Ted Mooney, finishing.com Teds signature
Ted Mooney, P.E.
Striving to live Aloha
finishing.com - Pine Beach, New Jersey

Phosphating desludging filter in automobile paint process

March 17, 2016 -- this entry appended to this thread by editor in lieu of spawning a duplicative thread

Q. I want to know the details about filter use for desludging of phosphating chemical, etc. Mesh size in microns, use without filter press. We want to do filter through gravity flow, as well as info about complete filter press equipment for phosphating desludging. Name of supplier, etc.

Ahmed Ali
Employee - Pakistan

March 2016

A. Hi Ahmed. We appended your inquiry to a thread where I've expressed my opinion that a filter press is the wrong device for filtering phosphating processes. You want, in my opinion, some sort of "continuous", "belt" filter which uses newsprint as a disposable filtering surface; either "gravity" or "vacuum" operated. I think if you use those search terms, along with "filter" and "phosphate", that you will be able to very easily locate suppliers. We don't offer names of suppliers in these forum postings for a number of reasons (why?), but suppliers are certainly welcome to place advertisements on this page as well as in any other media rather than trying to present their ads as public service announcements :-)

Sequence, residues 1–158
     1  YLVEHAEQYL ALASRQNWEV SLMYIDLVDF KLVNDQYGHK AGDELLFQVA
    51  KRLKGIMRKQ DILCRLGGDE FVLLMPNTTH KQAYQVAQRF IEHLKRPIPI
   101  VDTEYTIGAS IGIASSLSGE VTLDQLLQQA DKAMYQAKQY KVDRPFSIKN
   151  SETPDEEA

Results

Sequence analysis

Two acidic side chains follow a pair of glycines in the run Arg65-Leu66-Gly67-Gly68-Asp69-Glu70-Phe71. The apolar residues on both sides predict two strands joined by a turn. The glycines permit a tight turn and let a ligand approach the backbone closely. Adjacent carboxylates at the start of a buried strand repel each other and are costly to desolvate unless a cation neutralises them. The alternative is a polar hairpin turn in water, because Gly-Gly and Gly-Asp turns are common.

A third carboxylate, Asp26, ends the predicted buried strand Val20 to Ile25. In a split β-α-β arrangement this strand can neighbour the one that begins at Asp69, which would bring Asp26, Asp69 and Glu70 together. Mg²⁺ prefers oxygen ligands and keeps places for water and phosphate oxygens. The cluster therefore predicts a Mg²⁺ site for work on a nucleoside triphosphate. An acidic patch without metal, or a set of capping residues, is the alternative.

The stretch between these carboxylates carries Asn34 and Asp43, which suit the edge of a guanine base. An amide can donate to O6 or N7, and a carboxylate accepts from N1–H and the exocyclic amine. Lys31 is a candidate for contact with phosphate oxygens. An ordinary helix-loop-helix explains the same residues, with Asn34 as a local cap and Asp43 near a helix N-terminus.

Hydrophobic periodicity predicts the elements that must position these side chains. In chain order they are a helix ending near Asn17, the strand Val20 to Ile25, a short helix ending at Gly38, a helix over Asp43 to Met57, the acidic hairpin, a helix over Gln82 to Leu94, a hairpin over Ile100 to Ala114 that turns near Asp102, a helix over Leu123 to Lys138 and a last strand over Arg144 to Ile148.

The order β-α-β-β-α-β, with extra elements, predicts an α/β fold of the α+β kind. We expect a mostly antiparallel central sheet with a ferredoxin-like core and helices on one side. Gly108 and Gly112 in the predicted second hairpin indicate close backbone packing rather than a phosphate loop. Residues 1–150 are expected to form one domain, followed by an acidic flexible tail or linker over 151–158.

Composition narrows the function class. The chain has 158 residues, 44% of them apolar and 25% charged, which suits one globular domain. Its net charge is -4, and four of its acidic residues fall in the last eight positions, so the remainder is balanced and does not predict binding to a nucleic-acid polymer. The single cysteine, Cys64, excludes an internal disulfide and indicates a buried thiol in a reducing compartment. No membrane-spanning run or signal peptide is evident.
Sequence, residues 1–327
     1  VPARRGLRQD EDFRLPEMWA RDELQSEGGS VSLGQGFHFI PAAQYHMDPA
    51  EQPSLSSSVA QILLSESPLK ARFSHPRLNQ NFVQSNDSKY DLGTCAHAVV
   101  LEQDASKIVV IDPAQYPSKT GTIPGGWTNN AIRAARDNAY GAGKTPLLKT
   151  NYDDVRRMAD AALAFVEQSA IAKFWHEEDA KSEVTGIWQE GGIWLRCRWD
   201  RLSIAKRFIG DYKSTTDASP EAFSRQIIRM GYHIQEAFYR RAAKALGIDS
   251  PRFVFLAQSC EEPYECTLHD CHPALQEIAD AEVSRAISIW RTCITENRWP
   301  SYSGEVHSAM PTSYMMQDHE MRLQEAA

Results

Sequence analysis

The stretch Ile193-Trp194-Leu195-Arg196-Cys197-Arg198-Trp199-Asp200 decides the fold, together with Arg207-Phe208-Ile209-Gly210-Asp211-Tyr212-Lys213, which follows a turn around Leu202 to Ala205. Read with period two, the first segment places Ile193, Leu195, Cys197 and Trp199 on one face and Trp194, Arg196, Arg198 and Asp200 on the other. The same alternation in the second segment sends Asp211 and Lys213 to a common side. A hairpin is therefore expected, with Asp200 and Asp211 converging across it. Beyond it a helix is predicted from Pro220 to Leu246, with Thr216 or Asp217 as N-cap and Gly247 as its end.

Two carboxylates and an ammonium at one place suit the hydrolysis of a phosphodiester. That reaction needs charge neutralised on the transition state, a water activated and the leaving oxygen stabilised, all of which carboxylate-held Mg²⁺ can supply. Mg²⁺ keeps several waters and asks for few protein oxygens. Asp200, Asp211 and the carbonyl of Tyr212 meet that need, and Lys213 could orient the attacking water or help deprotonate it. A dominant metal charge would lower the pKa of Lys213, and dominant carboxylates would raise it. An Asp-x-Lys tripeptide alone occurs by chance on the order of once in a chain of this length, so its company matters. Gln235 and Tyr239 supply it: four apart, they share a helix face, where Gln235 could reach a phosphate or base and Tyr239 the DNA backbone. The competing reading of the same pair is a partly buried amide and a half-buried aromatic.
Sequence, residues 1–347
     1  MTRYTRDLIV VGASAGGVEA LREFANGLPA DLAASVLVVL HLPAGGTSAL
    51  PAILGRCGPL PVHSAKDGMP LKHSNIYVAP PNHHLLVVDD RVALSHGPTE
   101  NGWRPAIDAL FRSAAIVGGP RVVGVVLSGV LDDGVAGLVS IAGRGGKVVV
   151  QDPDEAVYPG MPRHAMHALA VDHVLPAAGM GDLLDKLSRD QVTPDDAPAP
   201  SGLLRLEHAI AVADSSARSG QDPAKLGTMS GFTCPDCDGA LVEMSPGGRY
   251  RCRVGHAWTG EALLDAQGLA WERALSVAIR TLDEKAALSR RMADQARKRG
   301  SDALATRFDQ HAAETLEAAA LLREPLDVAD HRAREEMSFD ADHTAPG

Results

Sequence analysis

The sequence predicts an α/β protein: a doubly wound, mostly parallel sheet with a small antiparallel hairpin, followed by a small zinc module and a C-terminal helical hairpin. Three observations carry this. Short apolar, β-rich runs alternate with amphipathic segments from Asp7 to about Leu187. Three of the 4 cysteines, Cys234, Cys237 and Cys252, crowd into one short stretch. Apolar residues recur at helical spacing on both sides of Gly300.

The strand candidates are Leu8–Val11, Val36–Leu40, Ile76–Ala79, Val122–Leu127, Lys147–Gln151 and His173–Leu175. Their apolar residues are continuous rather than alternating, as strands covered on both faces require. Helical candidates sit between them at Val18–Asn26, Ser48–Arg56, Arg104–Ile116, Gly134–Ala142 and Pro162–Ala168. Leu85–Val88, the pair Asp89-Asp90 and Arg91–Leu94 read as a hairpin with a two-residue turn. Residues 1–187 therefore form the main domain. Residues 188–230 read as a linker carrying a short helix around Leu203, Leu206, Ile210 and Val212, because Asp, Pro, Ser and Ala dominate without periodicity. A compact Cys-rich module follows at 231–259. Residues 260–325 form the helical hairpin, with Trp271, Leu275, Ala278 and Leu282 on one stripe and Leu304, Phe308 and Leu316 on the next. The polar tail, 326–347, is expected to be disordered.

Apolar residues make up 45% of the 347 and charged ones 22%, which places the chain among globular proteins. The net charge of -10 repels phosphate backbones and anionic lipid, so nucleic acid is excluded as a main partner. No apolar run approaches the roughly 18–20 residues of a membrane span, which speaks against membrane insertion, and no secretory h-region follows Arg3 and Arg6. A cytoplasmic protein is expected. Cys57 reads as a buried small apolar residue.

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Ted Mooney, P.E. RET
Aloha -- an idea worth spreading
finishing.com - Pine Beach, New Jersey

July 25, 2016

A. Yes, iron phosphate sludge can be removed by filtration system. Basically it is in two forms. It is dissolved and suspended; we can easily remove the suspended particles, and dissolved particle can be removed by converting it to suspended form.

vishal suryawanshi
- Pune, India.

September 18, 2016


mohamed aboulfadl
automotive - cairo EGYPT

A. Hi mohamed. The basic problem with filter presses in this application is that they are devices designed for batch operations and a phosphating process generates sludge continuously, not in batches. The press will handle many liters per minute for, say, the first 12 hours, and then will handle only a trickle or a drip for, say, the next 36 hours. What do you plan to do about the accumulating sludge during the 36 hour period?


pic of Ted Mooney
Ted Mooney, P.E. RET
Aloha -- an idea worth spreading
finishing.com - Pine Beach, New Jersey

March 11, 2020

A. Centrifuge separators are a better choice for removal of phosphate sludge. The separator can remove up to 5 micron size particles. Moreover, since it is attached directly to the phosphate tank, it removes the sludge continuously from the tank. There are no filter media used, hence no clogging or cleaning of filters.

Nitin Vaidya
- Pune, Maharashtra, INDIA